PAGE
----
How (and why) I Parachuted Out of a Boeing 727
Being a rather late bloomer, I came to the sport of
skydiving at the advanced age of 55 and immediately found myself on the fast
track in a concerted effort to earn the highest of the 4 levels of skydiving
certifications – the Master Skydiver License. I would often jump a dozen or more times every weekend. Finally, having achieved the license, I
decided to spread my newly certified wings at the 1996 World Freefall
Convention in Quincy, IL.
As a retired airline pilot who at one time was a Boeing 727
Captain, I was particularly intrigued by one of the jumps that would be
available – a skydive from a Boeing 727 jet! I was further excited about the prospect of earning a
coveted D.B. Cooper number. If you
are not familiar with the story of D.B. Cooper, here is a link to the intriguing
The day of the jump finally arrived, but I found myself a
bit apprehensive about the fact that the jump run would be conducted at a much
faster speed than I was used to exciting an aircraft. To further add to the fun of the jump, a 4-way formation was
planned with two of my skydiving buddies and one other person whom we had met. The seats had been removed from the
aircraft, which was quite packed with eager jumpers.
The jump run finally started and as I exited the rear of the
aircraft, it felt like my shoulders and skydiving rig were all going to be
ripped off as I hit the airstream.
I got myself stable, found my partners, enjoyed our formation flying and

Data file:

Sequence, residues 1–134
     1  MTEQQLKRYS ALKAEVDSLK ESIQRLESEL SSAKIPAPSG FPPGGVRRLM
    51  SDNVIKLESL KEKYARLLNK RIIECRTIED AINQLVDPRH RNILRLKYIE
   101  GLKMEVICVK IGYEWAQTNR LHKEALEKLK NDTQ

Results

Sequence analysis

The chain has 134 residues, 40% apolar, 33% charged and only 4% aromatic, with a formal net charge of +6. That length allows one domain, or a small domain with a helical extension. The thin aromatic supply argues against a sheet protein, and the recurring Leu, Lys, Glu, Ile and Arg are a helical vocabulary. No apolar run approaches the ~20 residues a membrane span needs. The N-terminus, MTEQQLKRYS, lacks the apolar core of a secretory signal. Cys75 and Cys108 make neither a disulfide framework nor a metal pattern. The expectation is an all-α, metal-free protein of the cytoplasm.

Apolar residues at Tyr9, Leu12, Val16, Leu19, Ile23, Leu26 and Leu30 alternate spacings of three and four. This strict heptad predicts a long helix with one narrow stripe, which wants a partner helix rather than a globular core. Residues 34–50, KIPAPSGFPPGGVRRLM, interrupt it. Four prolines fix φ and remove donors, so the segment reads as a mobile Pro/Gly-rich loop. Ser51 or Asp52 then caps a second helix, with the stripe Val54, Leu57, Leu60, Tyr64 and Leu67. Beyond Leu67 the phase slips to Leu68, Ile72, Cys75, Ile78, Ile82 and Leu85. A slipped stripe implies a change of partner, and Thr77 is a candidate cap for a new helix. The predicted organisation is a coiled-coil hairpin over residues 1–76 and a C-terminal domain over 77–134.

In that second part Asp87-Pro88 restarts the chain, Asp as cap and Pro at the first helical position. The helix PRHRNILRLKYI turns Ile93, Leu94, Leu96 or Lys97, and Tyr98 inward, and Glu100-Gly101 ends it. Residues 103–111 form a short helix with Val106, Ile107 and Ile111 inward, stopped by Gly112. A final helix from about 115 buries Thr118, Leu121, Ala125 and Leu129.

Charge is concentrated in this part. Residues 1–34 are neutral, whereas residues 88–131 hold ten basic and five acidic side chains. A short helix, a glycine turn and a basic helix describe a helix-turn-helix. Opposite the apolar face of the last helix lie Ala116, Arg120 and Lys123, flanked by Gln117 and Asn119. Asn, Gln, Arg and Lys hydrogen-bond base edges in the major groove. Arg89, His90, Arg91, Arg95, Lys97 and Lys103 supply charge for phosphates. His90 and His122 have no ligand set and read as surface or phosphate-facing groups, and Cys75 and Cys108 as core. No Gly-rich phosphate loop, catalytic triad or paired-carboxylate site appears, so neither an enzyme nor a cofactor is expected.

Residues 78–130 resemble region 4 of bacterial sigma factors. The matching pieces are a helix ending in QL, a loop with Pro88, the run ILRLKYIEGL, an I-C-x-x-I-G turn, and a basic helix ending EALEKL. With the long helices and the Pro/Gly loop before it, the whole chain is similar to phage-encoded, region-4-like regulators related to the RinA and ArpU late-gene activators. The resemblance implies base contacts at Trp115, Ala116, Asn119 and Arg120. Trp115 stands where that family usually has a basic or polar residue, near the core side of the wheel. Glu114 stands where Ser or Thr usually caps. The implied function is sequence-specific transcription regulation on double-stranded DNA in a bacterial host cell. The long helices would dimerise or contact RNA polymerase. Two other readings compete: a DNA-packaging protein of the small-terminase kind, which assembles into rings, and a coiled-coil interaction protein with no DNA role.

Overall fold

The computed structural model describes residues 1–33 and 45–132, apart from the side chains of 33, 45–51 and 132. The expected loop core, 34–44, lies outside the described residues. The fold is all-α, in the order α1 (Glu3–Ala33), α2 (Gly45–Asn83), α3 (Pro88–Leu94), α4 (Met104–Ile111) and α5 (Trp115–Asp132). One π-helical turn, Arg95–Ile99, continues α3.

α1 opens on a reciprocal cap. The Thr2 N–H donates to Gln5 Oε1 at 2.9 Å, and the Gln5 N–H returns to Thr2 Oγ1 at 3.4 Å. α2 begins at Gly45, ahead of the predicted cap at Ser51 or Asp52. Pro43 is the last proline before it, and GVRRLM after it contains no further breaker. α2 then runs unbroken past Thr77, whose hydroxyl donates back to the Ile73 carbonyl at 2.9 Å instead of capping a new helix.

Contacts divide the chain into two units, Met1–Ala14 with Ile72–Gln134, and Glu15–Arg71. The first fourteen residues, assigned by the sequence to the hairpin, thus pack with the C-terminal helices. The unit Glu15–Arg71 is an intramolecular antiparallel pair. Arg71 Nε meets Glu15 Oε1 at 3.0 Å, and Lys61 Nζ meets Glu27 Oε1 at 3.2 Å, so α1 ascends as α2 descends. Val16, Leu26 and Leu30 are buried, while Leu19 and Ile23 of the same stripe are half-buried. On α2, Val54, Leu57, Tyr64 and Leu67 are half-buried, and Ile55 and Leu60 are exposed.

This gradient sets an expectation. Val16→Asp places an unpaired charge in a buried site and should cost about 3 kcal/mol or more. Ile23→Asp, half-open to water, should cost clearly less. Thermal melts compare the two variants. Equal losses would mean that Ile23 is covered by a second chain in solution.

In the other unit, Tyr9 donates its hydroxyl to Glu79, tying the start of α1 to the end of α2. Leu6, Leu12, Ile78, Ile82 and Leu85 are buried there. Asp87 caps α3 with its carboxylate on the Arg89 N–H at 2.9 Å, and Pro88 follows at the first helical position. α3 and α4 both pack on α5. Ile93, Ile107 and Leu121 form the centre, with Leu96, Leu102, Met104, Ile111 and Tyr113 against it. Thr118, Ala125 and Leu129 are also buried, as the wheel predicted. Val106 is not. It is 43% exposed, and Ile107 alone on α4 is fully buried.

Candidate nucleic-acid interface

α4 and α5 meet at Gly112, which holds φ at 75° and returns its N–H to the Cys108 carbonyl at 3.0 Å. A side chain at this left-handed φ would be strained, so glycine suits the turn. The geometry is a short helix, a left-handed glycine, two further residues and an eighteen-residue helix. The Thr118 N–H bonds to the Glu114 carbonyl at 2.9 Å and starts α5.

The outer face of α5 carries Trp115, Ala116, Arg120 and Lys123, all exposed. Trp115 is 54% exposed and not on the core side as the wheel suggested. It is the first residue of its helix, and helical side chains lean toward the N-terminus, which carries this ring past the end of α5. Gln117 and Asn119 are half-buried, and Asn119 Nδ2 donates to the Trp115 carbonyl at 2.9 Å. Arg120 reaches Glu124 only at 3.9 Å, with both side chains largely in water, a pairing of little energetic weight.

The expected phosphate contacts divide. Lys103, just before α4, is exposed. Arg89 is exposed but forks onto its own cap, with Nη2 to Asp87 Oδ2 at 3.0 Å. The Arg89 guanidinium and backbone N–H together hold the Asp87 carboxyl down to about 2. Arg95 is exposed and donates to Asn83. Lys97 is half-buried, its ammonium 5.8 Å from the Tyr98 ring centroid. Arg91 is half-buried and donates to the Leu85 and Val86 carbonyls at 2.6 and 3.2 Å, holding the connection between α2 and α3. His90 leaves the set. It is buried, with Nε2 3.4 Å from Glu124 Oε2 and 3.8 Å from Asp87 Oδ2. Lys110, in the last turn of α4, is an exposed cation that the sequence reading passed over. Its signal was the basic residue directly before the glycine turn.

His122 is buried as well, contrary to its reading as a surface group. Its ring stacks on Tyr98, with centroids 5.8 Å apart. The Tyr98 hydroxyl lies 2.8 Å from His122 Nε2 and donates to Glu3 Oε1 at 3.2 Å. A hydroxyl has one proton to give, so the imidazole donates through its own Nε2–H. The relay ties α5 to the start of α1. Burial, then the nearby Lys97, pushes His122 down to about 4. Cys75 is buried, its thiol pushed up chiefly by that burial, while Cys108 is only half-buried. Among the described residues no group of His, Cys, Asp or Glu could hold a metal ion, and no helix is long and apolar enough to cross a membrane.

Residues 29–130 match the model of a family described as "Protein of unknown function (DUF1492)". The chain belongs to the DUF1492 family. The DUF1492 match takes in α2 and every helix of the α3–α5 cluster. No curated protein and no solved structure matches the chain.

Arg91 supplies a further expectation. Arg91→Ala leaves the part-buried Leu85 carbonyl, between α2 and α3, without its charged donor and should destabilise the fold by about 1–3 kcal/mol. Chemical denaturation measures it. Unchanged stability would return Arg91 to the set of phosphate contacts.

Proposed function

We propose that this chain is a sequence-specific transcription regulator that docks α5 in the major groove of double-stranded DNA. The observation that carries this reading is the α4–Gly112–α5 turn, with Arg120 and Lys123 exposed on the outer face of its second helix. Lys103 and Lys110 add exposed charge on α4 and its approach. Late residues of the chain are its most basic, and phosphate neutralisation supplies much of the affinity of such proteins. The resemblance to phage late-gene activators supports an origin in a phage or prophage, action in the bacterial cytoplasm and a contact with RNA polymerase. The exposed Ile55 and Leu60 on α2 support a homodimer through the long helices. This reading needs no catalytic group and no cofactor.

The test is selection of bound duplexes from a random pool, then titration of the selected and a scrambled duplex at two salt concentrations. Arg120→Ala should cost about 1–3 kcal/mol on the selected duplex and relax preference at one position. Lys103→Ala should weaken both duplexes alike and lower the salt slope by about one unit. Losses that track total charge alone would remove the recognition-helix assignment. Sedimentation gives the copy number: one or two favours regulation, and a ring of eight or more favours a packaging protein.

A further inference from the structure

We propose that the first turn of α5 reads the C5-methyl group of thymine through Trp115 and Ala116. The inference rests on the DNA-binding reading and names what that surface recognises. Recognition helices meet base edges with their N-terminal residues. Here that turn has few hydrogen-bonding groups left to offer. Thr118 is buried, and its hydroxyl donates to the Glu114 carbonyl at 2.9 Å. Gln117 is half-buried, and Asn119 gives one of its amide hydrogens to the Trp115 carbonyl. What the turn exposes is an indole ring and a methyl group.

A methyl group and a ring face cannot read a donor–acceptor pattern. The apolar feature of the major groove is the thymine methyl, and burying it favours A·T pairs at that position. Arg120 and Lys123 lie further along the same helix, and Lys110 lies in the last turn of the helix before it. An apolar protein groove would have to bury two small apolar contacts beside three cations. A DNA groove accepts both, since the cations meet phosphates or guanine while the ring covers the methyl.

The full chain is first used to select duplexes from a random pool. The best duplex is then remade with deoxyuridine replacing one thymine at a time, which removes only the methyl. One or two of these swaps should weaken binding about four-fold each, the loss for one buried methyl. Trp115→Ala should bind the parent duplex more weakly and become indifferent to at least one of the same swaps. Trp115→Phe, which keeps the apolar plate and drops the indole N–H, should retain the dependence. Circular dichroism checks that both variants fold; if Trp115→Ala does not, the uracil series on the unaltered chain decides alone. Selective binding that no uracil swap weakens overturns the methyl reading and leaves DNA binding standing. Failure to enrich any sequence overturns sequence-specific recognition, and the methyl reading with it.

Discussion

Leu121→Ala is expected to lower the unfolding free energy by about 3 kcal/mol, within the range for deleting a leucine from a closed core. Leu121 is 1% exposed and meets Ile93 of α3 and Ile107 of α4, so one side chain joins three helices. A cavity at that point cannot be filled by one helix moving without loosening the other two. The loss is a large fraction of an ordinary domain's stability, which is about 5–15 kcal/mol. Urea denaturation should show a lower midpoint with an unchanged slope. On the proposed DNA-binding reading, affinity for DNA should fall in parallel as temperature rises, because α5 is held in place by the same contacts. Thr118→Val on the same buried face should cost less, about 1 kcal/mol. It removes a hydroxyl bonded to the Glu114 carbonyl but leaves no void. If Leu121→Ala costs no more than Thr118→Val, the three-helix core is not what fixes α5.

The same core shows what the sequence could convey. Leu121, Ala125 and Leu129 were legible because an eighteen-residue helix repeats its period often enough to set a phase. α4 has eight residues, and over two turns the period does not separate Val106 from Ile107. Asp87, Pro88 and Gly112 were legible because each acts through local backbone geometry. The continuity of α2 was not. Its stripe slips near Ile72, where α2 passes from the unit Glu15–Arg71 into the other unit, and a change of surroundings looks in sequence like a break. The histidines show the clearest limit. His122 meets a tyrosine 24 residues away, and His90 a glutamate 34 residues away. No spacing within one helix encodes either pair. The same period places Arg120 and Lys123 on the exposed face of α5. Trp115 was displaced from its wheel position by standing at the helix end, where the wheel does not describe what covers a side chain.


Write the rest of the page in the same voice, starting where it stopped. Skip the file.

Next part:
then deployed my parachute only to discover that the Quincy airport was nowhere
to be found! I set about the task
of finding a suitable landing spot as I floated earthward. Finally, I spied a pickup truck parked
on a farm with some people in the bed apparently enjoying the festivities of
watching skydivers float down. I
rapidly spiraled down to them and landed adjacent to the truck and was greeted by
the gleeful, smiling faces of three children in the bed of the truck. The driver of the truck offered me a
ride back to the airport, and I jumped into the bed with the kids – we were apparently so far away that the
ride took 20 minutes.
During those exciting days in Quincy, I also had the
opportunity to jump out of a Super Constellation in TWA colors, a Bell
Helicopter, the world’s only flying Ford Tri-Motor, a DC-3, a hot air balloon,
and numerous “normal” jump aircraft.
I finally gave up skydiving after accumulating 657 jumps and
12 hours and 40 minutes of free-fall time. The sport had become too mundane for this adrenalin junky!